Citizens Advice will receive £3m worth of funding from Facebook because of a legal agreement between the social media giant and the consumer finance journalist Martin Lewis.
The funding, which will consist of £2.5m in cash and £500,000 in Facebook advert credit coupons issued over the next three years, will help to set up Citizens Advice Scams Action.
The funding was announced after Lewis, who founded the Money Saving Expert website, agreed to drop a lawsuit against Facebook relating to scam advertising on the social media platform that used Lewis’s image or name.
CASA will focus on scam-prevention work and supporting victims.
Part of the project’s remit will be to raise public awareness of digital scam advertising and develop online tools to help people affected by online scams.
Facebook has also announced that it will create a new scam advertising reporting tool unique to the UK and a dedicated internal operations team, which will allow Facebook users to quickly and easily report suspected scam advertising.
A spokeswoman for Citizens Advice said CASA, which is expected to be launched in May, would complement other work the charity did in combating scam advertising.
Gillian Guy, chief executive of Citizens Advice, said: "We help thousands of people each year who have fallen victim to online scams. We know scams are getting more sophisticated and this isn’t a problem that’s going away.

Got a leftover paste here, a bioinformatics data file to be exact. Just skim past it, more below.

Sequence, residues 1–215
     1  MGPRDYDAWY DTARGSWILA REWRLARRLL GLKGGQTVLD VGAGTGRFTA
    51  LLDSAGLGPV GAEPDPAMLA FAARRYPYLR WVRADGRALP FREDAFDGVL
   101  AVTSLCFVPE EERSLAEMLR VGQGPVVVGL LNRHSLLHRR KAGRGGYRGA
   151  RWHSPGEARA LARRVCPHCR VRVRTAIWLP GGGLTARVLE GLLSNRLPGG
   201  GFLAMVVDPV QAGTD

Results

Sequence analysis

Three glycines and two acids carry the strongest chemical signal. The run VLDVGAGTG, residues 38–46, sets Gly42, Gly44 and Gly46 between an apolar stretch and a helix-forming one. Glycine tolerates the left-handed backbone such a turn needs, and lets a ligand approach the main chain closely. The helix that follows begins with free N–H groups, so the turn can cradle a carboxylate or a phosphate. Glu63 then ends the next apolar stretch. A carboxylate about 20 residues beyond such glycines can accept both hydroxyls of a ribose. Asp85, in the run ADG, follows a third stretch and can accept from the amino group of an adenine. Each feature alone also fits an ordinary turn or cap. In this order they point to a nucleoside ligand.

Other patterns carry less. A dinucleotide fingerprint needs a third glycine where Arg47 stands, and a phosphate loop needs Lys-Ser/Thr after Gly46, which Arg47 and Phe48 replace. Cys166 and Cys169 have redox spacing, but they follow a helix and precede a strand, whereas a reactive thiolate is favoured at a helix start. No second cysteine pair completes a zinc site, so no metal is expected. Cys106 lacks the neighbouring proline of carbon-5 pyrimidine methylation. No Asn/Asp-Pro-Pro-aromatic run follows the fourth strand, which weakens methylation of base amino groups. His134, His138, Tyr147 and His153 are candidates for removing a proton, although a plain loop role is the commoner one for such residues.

"People rely on us to provide free and independent advice. The agreement between Martin Lewis and Facebook will mean we can reach more people who are targeted online right across the UK."
Guy said that the charity would develop its own technology to make it easier for people to get help around scam advertising.
Steve Hatch, regional director for northern Europe at Facebook, said: "We’re grateful to Martin Lewis for bringing attention to this important issue and for his guidance over the past eight months.
"We look forward to working with Citizens Advice, Martin Lewis and his team, and with others in the industry to continue to explore solutions to this ever-evolving challenge."
Lewis said other social media and advertising platforms, such as Google, should follow Facebook’s lead in tackling scam advertising on their platforms.
"It shouldn’t have taken the threat of legal action to get here," he said. "Yet once we started talking Facebook quickly realised the scale of the problem and its impact on real people, and agreed to commit to making a difference both on its own platform and across the wider sector.
"The amount being donated to set up the Citizens Advice Scams Action project is far above anything I could have won had I succeeded in a court. That shows Facebook’s determination to change things."